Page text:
Bersih 4.0 Update from freemalaysiatoday


August 29, 2015

Obama and Michelle Bersih 4.0

Best wishes from President Barack Obama and First Lady Michelle Obama from 1600 Pennsylvania Avenue, Washington DC to all Malaysians at Bersih 4.0. The US President is montoring the situation closely from the East Wing. Let us show him and Michelle that we are a disciplined and peace-loving people who stand up for the Rule of Law, Freedom, Justice, and Democracy.–Din Merican

LIVE at Bersih 4: All peaceful around Dataran Merdeka

Stay tuned for updates on the Bersih 4 rally progressing in downtown Kuala Lumpur now.

UPDATED

5.12pm: Opposition leader Wan Azizah and her daughter Nurul Nuha are seeing leaving Dataran Merdeka and will return after the Maghrib prayers.

solat at Bersih 4.05.00pm: Muslim rally goers do not forget their religious obligations and perform the Solat Asar in front of the City Hall building.

4.58pm: Ambiga is seen leaving Dataran Merdeka and informs reporters she will be returning at 10pm tonight.

4.54pm: Speaking to rally goers, Ambiga said she misses the presence of PAS whose members were a no-show at the rally. She also says the main thing the government must do is “get rid of GST”.

ambiga4.50pm: What is believed to be a home-made bomb has exploded at Jalan Kinabalu. FMT Reporter Adam Abu Bakar, who was 30 metres away from the blast, said it was thrown from the flyover to the road below. There were no injuries.

4.44pm: City Hall officers have arrived to monitor and assist rally goers.

DBKL

4.36pm: With the skies turning cloudy, some rally goers are spotted leaving the scene. When asked why he was leaving, one man, who did not wish to be named, said he was headed back to Gombak.

pulang3 media pulang

4.21pm: Bersih 4 rally goers are seen sitting peacefully on the roads along Jalan Tun Perak and Jalan Raja Laut. Earlier performers of the group BangsArt sang the song “Hidup Rakyat” (Long live the people) accompanied by drum beats.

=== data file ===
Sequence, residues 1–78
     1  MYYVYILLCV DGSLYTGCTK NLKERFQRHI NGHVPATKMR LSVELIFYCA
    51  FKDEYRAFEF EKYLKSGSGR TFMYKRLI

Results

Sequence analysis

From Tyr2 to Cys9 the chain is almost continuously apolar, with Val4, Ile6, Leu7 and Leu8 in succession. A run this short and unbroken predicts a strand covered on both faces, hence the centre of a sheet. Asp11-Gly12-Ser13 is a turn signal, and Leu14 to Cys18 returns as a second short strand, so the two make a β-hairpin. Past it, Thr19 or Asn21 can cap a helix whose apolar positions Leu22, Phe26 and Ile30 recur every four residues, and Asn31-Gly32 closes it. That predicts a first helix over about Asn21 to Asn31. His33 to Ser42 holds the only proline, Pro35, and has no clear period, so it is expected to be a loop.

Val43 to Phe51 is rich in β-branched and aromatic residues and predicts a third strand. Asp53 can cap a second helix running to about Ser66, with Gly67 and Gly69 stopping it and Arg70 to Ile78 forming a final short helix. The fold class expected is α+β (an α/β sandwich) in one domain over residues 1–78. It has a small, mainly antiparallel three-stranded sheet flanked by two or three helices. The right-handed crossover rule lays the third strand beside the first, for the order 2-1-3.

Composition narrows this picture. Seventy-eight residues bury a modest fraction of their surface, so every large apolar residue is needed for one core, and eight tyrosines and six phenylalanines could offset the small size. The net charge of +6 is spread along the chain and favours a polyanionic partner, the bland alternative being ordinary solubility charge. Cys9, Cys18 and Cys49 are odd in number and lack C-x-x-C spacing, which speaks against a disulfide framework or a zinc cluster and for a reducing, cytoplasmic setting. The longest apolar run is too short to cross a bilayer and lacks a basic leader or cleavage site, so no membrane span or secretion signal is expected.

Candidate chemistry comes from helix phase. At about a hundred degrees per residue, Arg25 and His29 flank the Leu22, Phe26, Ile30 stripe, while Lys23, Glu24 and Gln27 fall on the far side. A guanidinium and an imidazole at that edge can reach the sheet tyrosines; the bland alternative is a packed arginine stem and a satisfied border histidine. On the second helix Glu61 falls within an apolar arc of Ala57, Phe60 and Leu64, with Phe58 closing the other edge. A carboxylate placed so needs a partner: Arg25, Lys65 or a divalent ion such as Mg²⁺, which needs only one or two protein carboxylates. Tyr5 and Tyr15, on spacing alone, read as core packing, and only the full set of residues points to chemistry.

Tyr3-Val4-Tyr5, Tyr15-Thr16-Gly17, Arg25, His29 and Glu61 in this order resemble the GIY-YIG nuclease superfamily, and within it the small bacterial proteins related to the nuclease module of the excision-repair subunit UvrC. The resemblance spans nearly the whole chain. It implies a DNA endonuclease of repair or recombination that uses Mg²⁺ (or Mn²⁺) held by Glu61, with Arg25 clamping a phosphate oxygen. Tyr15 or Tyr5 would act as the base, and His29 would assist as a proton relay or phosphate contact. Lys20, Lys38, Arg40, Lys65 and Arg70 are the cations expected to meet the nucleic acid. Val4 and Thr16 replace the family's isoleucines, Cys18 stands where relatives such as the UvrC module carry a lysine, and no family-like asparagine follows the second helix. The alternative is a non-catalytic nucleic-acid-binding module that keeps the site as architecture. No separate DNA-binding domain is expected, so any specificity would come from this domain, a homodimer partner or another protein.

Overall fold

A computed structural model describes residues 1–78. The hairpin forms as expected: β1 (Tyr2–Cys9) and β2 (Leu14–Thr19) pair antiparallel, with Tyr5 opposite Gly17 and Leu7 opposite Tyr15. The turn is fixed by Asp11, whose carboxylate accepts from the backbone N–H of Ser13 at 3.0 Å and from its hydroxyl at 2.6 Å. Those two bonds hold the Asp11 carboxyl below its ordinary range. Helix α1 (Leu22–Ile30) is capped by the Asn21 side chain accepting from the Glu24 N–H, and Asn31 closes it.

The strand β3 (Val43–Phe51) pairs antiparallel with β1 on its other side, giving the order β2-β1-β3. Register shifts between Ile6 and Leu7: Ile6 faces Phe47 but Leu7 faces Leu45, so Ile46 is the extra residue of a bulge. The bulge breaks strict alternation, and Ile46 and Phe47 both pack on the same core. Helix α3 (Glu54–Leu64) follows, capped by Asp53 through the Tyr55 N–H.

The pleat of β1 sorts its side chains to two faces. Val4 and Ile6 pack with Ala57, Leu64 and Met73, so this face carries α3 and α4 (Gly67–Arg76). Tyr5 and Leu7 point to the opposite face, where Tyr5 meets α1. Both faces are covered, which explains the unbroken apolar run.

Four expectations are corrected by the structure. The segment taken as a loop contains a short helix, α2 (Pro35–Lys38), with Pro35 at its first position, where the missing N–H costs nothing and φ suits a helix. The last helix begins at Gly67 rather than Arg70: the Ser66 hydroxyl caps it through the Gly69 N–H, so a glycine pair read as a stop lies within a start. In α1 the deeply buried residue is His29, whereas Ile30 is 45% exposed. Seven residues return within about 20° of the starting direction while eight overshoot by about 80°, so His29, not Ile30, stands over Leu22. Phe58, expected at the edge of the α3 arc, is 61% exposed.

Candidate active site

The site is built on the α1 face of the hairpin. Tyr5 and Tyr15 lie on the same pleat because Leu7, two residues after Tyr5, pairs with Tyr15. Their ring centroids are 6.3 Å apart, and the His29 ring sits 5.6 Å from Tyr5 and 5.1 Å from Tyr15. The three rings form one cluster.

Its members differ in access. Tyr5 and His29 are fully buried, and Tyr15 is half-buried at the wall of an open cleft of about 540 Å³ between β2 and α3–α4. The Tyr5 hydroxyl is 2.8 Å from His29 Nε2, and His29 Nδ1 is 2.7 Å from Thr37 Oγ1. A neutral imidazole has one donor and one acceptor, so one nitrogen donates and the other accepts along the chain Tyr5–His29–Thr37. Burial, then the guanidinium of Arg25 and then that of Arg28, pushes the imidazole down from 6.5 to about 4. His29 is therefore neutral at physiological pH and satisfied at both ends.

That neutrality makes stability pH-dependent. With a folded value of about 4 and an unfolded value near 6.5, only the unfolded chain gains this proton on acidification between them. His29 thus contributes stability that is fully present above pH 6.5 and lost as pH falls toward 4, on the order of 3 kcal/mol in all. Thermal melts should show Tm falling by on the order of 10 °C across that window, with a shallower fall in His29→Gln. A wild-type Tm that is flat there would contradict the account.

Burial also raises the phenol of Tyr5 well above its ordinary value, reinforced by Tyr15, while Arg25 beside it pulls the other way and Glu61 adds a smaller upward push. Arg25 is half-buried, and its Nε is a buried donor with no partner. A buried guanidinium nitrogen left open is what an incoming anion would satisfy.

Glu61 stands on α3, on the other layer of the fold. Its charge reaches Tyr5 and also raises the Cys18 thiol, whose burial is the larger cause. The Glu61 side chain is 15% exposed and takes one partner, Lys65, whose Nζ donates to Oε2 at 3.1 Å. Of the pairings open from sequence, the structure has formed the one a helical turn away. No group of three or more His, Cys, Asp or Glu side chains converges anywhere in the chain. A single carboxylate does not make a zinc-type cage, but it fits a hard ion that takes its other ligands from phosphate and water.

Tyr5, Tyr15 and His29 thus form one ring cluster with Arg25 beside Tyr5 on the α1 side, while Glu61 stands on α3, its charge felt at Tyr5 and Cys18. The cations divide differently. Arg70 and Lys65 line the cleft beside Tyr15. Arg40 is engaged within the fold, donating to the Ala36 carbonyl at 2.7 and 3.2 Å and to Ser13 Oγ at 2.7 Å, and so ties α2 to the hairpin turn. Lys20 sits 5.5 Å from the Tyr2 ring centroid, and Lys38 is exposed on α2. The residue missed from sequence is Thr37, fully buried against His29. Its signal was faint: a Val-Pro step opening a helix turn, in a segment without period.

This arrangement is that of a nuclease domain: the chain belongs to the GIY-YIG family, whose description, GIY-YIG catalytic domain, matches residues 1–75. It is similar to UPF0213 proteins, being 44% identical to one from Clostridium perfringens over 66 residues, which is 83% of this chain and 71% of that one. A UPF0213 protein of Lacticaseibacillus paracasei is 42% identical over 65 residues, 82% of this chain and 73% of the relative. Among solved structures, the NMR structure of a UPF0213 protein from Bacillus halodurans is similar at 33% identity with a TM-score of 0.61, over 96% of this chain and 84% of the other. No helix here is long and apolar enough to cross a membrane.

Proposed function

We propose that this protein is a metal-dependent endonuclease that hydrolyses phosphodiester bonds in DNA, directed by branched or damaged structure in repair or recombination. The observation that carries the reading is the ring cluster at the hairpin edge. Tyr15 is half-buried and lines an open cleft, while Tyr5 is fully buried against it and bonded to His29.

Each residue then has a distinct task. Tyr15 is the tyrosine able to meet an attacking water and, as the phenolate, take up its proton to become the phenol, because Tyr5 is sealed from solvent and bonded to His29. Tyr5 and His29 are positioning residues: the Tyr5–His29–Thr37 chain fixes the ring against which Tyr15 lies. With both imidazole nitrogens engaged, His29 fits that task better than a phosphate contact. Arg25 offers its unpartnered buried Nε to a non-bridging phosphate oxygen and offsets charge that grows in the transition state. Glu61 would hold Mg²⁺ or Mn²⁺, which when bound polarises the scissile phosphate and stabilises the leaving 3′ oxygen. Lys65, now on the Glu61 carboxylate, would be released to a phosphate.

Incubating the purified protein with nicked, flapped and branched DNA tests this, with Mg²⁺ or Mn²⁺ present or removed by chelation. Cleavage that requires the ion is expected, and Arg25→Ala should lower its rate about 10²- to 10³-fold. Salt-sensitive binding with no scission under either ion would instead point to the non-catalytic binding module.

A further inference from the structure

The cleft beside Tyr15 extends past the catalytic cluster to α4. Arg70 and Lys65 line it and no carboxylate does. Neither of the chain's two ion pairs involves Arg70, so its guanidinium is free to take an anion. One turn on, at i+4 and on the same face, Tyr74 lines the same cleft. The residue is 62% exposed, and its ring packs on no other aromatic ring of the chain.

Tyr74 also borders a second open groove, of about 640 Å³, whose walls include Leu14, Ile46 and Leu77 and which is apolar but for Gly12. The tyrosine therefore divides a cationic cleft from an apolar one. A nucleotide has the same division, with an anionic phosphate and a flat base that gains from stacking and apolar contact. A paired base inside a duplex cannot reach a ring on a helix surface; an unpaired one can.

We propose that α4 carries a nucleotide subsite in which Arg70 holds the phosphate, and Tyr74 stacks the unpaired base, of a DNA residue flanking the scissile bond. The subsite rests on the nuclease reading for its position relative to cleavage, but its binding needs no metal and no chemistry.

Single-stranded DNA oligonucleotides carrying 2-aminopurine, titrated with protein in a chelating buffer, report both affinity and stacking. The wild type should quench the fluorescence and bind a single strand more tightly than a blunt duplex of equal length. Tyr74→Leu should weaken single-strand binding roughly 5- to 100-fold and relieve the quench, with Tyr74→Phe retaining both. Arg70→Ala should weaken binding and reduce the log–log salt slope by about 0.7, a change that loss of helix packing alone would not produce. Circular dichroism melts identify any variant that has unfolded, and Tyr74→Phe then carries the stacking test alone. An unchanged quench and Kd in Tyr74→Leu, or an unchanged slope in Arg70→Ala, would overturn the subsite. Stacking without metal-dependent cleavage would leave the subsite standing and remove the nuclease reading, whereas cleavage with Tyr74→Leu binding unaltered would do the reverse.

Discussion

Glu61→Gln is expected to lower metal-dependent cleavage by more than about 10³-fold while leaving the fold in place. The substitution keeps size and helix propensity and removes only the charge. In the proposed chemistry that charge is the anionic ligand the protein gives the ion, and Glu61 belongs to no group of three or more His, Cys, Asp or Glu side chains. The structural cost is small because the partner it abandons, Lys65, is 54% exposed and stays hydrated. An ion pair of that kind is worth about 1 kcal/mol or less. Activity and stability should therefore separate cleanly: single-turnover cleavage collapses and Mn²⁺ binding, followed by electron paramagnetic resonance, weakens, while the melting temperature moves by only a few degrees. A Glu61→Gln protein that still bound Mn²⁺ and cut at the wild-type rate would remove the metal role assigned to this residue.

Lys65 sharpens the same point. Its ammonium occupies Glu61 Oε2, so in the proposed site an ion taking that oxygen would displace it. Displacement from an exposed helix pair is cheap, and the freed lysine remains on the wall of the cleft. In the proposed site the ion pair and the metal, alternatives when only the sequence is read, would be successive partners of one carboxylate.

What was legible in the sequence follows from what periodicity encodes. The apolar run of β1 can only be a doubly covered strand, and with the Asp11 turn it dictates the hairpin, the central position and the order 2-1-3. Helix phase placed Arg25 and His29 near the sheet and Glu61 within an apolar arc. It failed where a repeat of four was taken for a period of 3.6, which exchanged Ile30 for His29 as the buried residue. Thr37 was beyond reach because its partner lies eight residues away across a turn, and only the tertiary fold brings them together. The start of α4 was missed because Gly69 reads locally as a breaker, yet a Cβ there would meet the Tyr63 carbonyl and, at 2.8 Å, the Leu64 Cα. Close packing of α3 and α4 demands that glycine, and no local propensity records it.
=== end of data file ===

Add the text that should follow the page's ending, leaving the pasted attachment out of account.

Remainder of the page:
Meanwhile Police presence at Dataran Merdeka is reported as being minimal. No FRU in sight.

4.20pm: Bersih 4.0 chair Maria Chin Abdullah calls on MPs to table a motion of no confidence against the Prime Minister once Parliament reconvenes in October. She says this is the main message from Bersih 4 to the government apart from calling for institutional reforms.

4.05pm: The crowd from Menara Maybank is approaching Dataran Merdeka.

4.00pm: Crowds cheer as Penang Chief Minister Lim Guan Eng approaches the Dataran Merdeka area. He addresses the crowd, criticising Prime Minister Najib Razak for the RM2.6 billion donation he received and the falling ringgit. He says with the GST, the poor have become even poorer. “Everything has gone up (in price). I believe when the country’s leaders see us gathering here today, they will not be able to sleep.”

He adds, “The ringgit has dropped so badly to the extent we can’t go anywhere, not even Thailand. That’s why we come to Dataran (Merdeka) because that’s the only place we can be.”Maria Chin Abdullah is also around the vicinity.

3.40pm: The crowd from Sogo arrives at Dataran Merdeka. There are reports that some people are leaving the rally grounds.

dataran ramai

3.32pm: GHB’s Mat Sabu arrives in Dataran Merdeka and tells Bersih 4 organisers to ensure rally goers do not enter Dataran Merdeka. He says the programme will start at 4.30pm when Bersih 2.0 chair Maria Chin Abdullah arrives. He tells rally goers to sit down, be quiet and to get to know each other.

3.30pm: GHB’s Ahmad Awang addresses the crowd and says he hopes this will be the last time that there will be a Bersih 4 before the Opposition defeats UMNO-BN and takes over Putrajaya.

Meanwhile Selangor Menteri Besar Azmin Ali says that will such a good turnout, he is confident that Prime Minister Najib Razak can be ousted from Putrajaya.

3.20pm: Some rally goers are sitting on the roads along Jalan Tun Perak, slowing down the march to Dataran Merdeka.

3.15pm: Crowds are swelling around Dataran Merdeka as they are joined by over 3,000 from Masjid Negara shouting “Bersih! Bersih! Hidup Rakyat!”.

Rally goers from Brickfields numbering 5,000 have arrived at Central Market.